One Month from Pluto, NASA Probe Sees Dwarf Planet's Many Faces

The many "faces" of Pluto are visible in new images by NASA's New Horizons probe, which is only one month away from the first-ever close encounter with the dwarf planet.

This week, NASA released what it called "the best views ever obtained of the Pluto system" taken by New Horizons, which will make its closest approach of the dwarf planet starting July 14. A video of the Pluto new images reveals the many "faces" of this petite planetary object — that is, the photos show a complete 360 degree panorama of the dwarf planet's surface. The pictures reveal regions of light and dark, and many shades of gray in between, that hint at the presence of surface features.

"We're squeezing as much information as we can out of these images, and seeing details we've never seen before," said New Horizons Project Scientist Hal Weaver, in a statement from NASA. "We've seen evidence of light and dark spots in Hubble Space Telescope images and in previous New Horizons pictures, but these new images indicate an increasingly complex and nuanced surface. Now, we want to start to learn more about what these various surface units might be and what's causing them. By early July we will have spectroscopic data to help pinpoint that." [More Amazing Pluto Photos by New Horizons]

These images, taken by New Horizons' Long Range Reconnaissance Imager (LORRI), show four different "faces" of Pluto as it rotates about its axis with a period of 6.4 days. All the images have been rotated to align Pluto's rotational axis with the vertical direction (up-down) on the figure. (Image credit: NASA/Johns Hopkins University Applied Physics Laboratory/Southwest Research Institute)

New Horizons has traveled nearly 3 billion miles in just under 10 years to reach Pluto. It is the first probe to ever make a close study of the planet, and it is already returning images of the system that are of higher quality than those taken by the Hubble Space Telescope. (However, Hubble has still returned some great science about Pluto. Recently, scientists using Hubble data revealed new information about the very strange motions and colors of Pluto's five moons).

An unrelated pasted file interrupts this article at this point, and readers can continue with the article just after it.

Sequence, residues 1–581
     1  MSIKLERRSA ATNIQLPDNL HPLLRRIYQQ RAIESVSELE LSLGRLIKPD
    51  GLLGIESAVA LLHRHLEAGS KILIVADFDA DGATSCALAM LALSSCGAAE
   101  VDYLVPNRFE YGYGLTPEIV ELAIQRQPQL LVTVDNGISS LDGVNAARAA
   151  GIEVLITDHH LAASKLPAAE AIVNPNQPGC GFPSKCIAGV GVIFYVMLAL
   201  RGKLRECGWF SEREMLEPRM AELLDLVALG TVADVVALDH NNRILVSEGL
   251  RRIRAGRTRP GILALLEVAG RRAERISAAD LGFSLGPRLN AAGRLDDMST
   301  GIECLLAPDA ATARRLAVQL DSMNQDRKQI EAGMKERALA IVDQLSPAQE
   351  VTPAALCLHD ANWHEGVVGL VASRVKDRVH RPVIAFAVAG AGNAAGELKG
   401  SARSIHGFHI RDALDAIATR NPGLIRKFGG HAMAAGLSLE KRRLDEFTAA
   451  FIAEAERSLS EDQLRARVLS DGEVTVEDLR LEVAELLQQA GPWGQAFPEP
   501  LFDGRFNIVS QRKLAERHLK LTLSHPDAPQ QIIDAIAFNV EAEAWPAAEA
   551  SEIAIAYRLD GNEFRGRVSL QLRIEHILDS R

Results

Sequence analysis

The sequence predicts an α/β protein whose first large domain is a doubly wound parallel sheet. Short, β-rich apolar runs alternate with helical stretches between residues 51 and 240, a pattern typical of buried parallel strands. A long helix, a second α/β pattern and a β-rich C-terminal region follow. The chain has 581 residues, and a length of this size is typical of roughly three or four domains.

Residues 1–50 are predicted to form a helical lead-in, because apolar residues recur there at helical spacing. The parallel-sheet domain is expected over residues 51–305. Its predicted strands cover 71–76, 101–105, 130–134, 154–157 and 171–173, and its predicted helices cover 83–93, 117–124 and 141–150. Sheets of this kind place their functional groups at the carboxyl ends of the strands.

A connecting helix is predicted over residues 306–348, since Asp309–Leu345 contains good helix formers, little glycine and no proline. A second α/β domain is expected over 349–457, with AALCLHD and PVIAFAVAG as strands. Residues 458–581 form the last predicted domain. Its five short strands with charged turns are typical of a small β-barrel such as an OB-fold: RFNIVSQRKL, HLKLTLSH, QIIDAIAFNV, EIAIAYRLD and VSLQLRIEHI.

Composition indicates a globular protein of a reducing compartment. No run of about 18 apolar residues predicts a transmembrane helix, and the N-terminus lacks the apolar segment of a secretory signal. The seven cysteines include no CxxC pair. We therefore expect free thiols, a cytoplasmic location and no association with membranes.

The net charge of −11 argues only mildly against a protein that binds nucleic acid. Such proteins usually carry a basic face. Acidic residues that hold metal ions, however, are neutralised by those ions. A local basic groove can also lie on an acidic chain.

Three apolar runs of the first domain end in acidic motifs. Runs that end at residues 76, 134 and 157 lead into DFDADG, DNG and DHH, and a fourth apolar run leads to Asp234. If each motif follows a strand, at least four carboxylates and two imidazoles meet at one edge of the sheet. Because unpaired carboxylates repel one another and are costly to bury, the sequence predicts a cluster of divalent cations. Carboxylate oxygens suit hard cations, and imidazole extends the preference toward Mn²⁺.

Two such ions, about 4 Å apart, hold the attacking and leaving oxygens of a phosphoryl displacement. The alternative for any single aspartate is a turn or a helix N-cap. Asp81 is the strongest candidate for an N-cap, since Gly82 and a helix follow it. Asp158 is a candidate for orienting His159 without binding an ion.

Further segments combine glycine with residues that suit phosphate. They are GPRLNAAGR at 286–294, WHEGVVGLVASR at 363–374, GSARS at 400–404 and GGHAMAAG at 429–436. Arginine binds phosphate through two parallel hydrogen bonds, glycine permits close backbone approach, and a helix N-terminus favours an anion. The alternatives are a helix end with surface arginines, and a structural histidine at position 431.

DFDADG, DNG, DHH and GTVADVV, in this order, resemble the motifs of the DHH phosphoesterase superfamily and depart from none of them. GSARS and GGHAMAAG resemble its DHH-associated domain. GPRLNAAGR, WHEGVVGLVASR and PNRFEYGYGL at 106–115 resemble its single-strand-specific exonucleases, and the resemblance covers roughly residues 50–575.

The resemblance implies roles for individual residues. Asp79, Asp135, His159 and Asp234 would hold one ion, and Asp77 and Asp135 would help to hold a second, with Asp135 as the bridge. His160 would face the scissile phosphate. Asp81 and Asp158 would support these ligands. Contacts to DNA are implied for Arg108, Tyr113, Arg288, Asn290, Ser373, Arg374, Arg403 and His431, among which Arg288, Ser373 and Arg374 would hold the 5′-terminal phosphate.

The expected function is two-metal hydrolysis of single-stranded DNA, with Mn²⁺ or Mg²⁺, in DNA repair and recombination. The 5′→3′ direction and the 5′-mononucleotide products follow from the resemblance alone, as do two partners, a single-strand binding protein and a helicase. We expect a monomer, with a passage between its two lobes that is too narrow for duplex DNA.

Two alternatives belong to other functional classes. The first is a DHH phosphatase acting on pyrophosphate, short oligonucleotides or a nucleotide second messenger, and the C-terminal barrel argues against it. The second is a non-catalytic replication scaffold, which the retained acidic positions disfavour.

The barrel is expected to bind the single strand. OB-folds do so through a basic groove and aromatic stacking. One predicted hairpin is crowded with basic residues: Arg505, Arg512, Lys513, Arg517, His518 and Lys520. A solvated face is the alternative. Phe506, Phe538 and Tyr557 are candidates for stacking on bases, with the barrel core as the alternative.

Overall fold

The new images, taken by the Long Range Reconnaissance Imager (LORRI), seem to show a very lumpy, nonspherical-looking Pluto, but this is the result of the technique used to create the images, called deconvolution, as well as Pluto's large variations in surface brightness, according to the same statement. In addition, the contrast in the images has been "stretched to bring out additional details." 

The deconvolution technique has been used by the New Horizons team to identify surface markings on Pluto, including a bright area at one pole that scientists think is a polar cap. Deconvolution has been known to create "false details," or artifacts, in the images, so NASA said the spacecraft team will be carefully reviewing images produced with this technique.

These images, taken by the LORRI instrument, have been processed using a method called deconvolution, which sharpens the original images to enhance features on Pluto. Deconvolution can occasionally introduce "false" details, so the finest details in these pictures will need to be confirmed by images taken from closer range in the next few weeks. (Image credit: NASA/Johns Hopkins University Applied Physics Laboratory/Southwest Research Institute)

"Even though the latest images were made from more than 30 million miles away, they show an increasingly complex surface with clear evidence of discrete equatorial bright and dark regions—some that may also have variations in brightness," said Alan Stern, New Horizons' principal investigator. "We can also see that every face of Pluto is different and that Pluto's northern hemisphere displays substantial dark terrains, though both Pluto's darkest and its brightest known terrain units are just south of, or on, its equator. Why this is so is an emerging puzzle."

As of yesterday (June 11), New Horizons was approximately 2.9 billion miles (4.7 billion kilometers) from Earth and just 24 million miles (39 million kilometers) from Pluto.

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Calla Cofield
Senior Writer

Calla Cofield joined's crew in October 2014. She enjoys writing about black holes, exploding stars, ripples in space-time, science in comic books, and all the mysteries of the cosmos. Prior to joining Calla worked as a freelance writer, with her work appearing in APS News, Symmetry magazine, Scientific American, Nature News, Physics World, and others. From 2010 to 2014 she was a producer for The Physics Central Podcast. Previously, Calla worked at the American Museum of Natural History in New York City (hands down the best office building ever) and SLAC National Accelerator Laboratory in California. Calla studied physics at the University of Massachusetts, Amherst and is originally from Sandy, Utah. In 2018, Calla left to join NASA's Jet Propulsion Laboratory media team where she oversees astronomy, physics, exoplanets and the Cold Atom Lab mission. She has been underground at three of the largest particle accelerators in the world and would really like to know what the heck dark matter is. Contact Calla via: E-Mail – Twitter